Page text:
Blue Ventures is pleased to announce – in partnership with our collaborators at the University of Antananarivo, the WWF Madagascar West Indian Ocean Programme Office and the US Geological Survey – the publication of a paper that maps and quantifies mangrove loss in Madagascar, as well as mangrove characteristics at four key conservation sites.
Using data kindly provided by the US Geological Survey, our work highlights the staggering rate of mangrove loss in Madagascar. Between 1990 and 2010, due to both human and natural causes, 21% of the island’s mangroves – an area equivalent in size to 80,000 football pitches – were lost.
Knowing the national rate of ecosystem loss is vital in order to inform national policy, particularly in light of the Paris Agreement. Mangroves store an extraordinary amount of carbon, particularly in their organic-rich sediments. When mangroves are destroyed, a significant amount of this carbon is released into the atmosphere, contributing to global warming. The high rates of mangrove loss detailed in this paper support the integration of mangroves into national climate change mitigation initiatives.
But mangroves are not just important to climate change mitigation at global and national scales. Mangroves support the livelihoods of tens of thousands of coastal people in Madagascar. Additionally, due to their role in coastal protection, they are also critical to climate change adaptability at a local scale. While coastal people are often the primary agents of mangrove deforestation, they also stand to lose the most from this destruction with the consequential loss of goods and services. Coastal people are the key to tackling mangrove deforestation.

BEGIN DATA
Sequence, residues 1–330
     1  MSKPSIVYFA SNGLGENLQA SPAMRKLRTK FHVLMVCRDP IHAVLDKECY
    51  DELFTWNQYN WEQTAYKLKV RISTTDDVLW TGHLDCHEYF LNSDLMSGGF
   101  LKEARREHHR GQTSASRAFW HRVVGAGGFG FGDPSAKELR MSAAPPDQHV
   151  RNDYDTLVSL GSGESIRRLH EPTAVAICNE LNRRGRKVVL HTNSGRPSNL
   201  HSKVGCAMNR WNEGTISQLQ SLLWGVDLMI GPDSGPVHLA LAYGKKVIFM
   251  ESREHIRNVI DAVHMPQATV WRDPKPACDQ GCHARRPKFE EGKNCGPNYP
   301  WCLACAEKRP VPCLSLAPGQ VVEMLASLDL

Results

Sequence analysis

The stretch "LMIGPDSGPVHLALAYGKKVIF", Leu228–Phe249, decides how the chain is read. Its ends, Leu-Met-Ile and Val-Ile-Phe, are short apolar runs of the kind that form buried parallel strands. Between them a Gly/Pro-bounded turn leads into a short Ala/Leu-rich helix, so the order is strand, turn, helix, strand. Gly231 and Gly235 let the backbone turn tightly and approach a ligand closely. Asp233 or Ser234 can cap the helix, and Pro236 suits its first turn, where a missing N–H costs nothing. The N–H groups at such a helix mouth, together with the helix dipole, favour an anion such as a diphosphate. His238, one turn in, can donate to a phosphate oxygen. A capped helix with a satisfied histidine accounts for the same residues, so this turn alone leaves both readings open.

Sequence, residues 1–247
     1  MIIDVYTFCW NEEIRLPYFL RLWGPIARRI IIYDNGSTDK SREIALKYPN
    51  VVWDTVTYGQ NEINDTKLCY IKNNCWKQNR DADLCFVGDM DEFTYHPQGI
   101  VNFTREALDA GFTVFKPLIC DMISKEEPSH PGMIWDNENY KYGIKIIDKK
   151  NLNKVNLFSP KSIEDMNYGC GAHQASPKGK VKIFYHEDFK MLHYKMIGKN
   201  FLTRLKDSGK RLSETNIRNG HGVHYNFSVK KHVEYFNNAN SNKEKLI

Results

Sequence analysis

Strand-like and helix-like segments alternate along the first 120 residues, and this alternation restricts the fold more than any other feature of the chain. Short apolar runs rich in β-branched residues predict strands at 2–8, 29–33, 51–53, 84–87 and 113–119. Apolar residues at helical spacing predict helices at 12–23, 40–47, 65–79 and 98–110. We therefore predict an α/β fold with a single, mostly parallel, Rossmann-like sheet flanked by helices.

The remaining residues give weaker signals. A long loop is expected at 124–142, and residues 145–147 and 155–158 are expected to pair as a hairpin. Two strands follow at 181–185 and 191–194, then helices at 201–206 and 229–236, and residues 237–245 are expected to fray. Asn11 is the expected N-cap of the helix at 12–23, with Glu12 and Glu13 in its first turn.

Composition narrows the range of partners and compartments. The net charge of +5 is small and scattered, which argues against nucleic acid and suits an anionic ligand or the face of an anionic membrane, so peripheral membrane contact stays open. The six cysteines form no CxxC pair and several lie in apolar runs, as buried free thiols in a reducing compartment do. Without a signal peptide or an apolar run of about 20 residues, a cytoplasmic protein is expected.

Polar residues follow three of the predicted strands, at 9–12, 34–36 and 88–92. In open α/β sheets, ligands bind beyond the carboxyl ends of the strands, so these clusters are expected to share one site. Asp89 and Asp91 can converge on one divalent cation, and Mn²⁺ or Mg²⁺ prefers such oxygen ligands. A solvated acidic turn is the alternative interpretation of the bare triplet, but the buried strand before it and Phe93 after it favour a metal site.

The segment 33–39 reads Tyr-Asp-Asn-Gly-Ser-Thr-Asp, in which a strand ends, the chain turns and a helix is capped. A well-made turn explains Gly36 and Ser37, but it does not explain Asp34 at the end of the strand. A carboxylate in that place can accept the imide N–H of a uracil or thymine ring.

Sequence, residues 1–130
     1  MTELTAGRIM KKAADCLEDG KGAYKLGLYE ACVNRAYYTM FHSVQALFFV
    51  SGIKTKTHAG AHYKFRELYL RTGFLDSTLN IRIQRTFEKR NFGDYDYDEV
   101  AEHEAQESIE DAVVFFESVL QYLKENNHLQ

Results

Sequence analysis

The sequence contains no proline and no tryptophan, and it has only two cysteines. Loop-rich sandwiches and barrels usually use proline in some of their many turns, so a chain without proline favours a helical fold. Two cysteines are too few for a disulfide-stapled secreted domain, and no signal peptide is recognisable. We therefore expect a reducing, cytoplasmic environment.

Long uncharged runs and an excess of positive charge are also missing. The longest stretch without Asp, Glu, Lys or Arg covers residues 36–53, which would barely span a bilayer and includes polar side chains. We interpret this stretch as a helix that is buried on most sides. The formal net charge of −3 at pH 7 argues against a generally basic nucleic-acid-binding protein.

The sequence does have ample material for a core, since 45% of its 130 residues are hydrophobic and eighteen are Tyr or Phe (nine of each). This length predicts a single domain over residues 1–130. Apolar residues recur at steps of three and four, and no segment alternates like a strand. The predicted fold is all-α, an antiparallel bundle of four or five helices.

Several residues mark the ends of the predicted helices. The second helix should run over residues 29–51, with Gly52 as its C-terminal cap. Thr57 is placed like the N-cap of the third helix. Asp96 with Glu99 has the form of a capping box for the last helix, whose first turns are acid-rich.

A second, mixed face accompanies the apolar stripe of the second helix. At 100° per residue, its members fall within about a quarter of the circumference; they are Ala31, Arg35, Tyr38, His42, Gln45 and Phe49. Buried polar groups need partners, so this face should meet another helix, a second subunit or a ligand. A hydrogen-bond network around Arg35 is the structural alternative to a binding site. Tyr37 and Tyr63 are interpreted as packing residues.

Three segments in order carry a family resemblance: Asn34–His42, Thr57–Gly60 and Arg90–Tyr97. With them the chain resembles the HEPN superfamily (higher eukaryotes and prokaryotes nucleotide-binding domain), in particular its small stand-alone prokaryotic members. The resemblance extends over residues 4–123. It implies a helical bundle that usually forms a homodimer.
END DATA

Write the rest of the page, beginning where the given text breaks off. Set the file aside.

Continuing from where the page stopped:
The localised analysis in this paper allows NGOs and government initiatives to pinpoint areas of high rates of loss, where communities are in most need of help. Pragmatic solutions that not only put the brakes on mangrove loss but also counteract the local opportunity cost associated with limiting mangrove deforestation are desperately needed.
Through its Blue Forests programme, Blue Ventures is working with local partners to prove the viability of harnessing the carbon stored in mangroves to catalyse sustainable mangrove management. This carbon has a value on the international carbon market. If this value can be realised and transferred to the people whose livelihoods depend on the exploitation of mangroves, this benefit has the potential to both incentivise and fund sustainable, locally-led mangrove management and restoration. Thus, preventing the continued wholesale loss of these invaluable ecosystems and ensuring the long-term sustainability of coastal livelihoods.
Read the full paper: Madagascar’s Mangroves: Quantifying Nation-Wide and Ecosystem Specific Dynamics
Find out more about our Blue Forests programme